11-month old baby Chigoah Gai has just been admitted to the inpatient therapeutic feeding program supported by CARE in Bentiu hospital.

He is frail, struggling for breath, with his tiny ribs visibly showing. A clear case of severe acute malnutrition. His grandmother looks worried throughout the consultation; baby Gai has been vomiting and has had diarrhea for the past 6 days. He weighs just 4.6kg. 

Born in January 2021 as a normal healthy baby, recent and unprecedented flooding in the area has forced his family from their home. Unable to get enough food or clean drinking water, he has deteriorated into his current condition.  

The baby was used to milk but now all cattle have moved very far away to the border of Sudan. I sometimes give him goat’s milk but it’s not enough,” says Chigoah’s grandmother. “The baby’s mother left him behind after seeing that we don’t have enough food to eat. She left to look for something, but she never came back, I don’t know where she is.  We have dry food rations, but the baby doesn’t have milk and I don’t have money. 

Chigoah joins seven other babies admitted at the center. Each day the center receives between three to five children with acute severe malnutrition. The CARE supported Stabilization Center has a dedicated team of a pediatric doctor, clinical officer, nurses and feeding assistants who are in charge of running the day to day activities, ensuring that the children are well taken care of medically and well fed to support their recovery, which can take anywhere between four days’ to one week depending on the severity of the child’s situation.

Chigoah undergoes a number of tests, is treated for a bacterial infection, given a warm cup of milk and shown his bed, and shortly he falls fast asleep. 

Far-reaching flood impact

According to Michael Kiir, a CARE nurse, the number of malnutrition cases have increased this year, and this is attributed to influx of the displaced communities in Bentiu and Rubkona town. “The cases of malnutrition are increasing due to the floods and more displaced people arriving,” he says. “There is shortage of food; and as a result, families are not eating well. They don’t give enough nutrients to support the body. In some cases, mothers are also not practicing good hygiene, which causes recurrent cases of bacterial infection.” 

“The cases of malnutrition are increasing due to the floods and more displaced people arriving,”

Michael Kiir, CARE nurse, South Sudan

South Sudan is currently facing its highest levels of food insecurity and malnutrition, exacerbated by the impact of floods and displacement.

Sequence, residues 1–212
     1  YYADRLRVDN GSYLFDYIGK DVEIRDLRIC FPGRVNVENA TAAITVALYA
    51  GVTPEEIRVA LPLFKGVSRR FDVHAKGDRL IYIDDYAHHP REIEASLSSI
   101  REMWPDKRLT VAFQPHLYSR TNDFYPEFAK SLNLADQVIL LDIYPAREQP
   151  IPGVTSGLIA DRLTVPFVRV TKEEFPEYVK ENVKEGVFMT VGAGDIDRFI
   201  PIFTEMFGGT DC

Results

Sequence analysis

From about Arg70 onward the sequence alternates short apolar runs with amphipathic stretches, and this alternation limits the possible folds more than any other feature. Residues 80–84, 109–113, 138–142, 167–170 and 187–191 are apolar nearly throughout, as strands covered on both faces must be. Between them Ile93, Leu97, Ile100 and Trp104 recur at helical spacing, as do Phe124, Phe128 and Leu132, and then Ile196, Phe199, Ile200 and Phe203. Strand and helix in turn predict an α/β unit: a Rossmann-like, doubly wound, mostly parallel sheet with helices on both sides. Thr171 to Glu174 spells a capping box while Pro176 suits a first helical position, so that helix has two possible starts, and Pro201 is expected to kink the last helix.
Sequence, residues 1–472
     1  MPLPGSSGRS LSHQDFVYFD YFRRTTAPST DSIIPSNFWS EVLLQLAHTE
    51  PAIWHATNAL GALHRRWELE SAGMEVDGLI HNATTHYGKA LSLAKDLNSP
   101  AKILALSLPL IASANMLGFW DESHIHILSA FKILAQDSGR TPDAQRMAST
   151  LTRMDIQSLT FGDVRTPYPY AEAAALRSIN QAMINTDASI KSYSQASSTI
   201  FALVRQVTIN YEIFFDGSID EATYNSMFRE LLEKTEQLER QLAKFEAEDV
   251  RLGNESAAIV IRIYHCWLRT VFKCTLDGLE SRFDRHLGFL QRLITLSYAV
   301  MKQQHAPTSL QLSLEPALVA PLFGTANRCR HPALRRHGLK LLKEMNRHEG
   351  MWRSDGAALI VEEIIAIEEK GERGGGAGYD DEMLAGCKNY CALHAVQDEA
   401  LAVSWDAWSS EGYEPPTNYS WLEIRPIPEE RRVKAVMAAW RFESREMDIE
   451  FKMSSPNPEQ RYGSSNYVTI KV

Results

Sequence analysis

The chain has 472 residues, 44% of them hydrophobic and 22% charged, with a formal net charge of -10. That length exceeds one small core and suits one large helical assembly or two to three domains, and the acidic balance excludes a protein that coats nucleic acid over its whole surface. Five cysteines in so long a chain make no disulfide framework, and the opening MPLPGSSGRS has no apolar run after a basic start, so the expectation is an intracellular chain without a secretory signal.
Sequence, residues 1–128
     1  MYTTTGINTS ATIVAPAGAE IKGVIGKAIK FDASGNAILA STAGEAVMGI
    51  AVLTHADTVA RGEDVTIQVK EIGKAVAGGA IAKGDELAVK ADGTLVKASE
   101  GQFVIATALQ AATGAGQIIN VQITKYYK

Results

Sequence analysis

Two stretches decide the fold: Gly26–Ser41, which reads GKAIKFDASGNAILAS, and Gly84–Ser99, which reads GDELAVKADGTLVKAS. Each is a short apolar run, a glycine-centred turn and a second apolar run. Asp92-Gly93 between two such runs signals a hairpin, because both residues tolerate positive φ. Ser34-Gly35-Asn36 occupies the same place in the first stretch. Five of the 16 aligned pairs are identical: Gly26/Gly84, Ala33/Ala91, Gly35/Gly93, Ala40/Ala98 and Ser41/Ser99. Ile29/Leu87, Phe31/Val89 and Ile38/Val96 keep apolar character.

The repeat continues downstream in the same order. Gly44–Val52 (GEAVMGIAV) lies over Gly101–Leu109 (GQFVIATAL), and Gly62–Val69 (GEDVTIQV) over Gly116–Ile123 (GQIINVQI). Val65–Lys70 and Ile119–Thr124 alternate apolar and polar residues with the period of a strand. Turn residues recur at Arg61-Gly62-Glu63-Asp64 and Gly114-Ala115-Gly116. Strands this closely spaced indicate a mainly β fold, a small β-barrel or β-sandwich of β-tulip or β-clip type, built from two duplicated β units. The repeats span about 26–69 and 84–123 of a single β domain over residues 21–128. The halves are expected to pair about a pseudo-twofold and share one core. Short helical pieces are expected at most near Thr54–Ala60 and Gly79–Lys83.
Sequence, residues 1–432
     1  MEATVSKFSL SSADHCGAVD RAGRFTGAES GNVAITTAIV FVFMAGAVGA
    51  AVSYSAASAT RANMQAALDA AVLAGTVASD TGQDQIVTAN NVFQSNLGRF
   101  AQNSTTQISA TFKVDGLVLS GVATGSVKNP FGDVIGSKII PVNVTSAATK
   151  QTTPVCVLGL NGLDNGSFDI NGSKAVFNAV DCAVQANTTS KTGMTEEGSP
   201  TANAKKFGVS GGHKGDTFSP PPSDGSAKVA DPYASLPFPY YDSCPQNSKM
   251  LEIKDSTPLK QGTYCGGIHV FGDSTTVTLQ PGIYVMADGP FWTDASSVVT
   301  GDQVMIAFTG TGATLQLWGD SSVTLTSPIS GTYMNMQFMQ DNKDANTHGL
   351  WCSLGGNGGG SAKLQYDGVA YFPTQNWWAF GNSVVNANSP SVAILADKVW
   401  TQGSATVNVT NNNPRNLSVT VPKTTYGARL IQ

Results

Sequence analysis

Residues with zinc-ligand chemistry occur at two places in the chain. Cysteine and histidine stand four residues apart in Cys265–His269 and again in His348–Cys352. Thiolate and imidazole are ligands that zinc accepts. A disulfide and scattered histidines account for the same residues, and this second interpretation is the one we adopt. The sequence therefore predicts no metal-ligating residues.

According to UN OCHA more than 835,000 people were reported as affected by flooding across the country since May 2021. An average child growing up in South Sudan today does not have enough to eat and is at risk of growing up chronically malnourished. Up to 36% of children under five have had to seek medical attention for some form of diseases. Not only is there a basic lack of access to food, but there is also a lack of diversity of food.  

People in Jonglei, Unity and Upper Nile states are the worst affected by the flood. Floods have destroyed farmlands and crops, affecting the seasonal harvest and placing the next planting season at risk, and killed a large number of livestock.

In some affected areas people have no access to safe water, increasing the risk of waterborne diseases. Flood waters continue to threaten people in areas such as Bentiu town in Unity State where flood-affected people, including those in the Bentiu displacement camp, are in a dire situation.

Cut-off communities

Although at first sight Chigoah’s situation looked severe and life threatening, he is now out of danger with support from the CARE team. The Stabilisation Center has been saving lives of young malnourished children from across the county, and so far no malnutrition related death has been reported at the center.  

CARE is scaling up its nutrition services in Rubkona County, supporting 12 nutrition sites in 9 payams. However, reaching the communities most in need has become extremely difficult as roads become impassable and communities are cut off by floodwaters.

Despite all this, CARE continues to reach out to the displaced communities  – often by using canoes to traverse the flood waters – in places where they have been displaced to so that they can still receive these crucial nutrition services.

CARE Sudan’s Robinah Baseka was writing from Bentiu, South Sudan.